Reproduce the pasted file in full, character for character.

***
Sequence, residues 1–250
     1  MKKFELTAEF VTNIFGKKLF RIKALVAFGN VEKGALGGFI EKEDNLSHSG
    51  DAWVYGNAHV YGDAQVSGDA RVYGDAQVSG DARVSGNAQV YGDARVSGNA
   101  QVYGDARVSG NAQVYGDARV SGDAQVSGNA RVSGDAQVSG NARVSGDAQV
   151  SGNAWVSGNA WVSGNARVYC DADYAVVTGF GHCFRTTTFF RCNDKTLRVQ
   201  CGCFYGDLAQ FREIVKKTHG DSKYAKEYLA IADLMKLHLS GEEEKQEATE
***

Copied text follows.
Sequence, residues 1–250
     1  MKKFELTAEF VTNIFGKKLF RIKALVAFGN VEKGALGGFI EKEDNLSHSG
    51  DAWVYGNAHV YGDAQVSGDA RVYGDAQVSG DARVSGNAQV YGDARVSGNA
   101  QVYGDARVSG NAQVYGDARV SGDAQVSGNA RVSGDAQVSG NARVSGDAQV
   151  SGNAWVSGNA WVSGNARVYC DADYAVVTGF GHCFRTTTFF RCNDKTLRVQ
   201  CGCFYGDLAQ FREIVKKTHG DSKYAKEYLA IADLMKLHLS GEEEKQEATE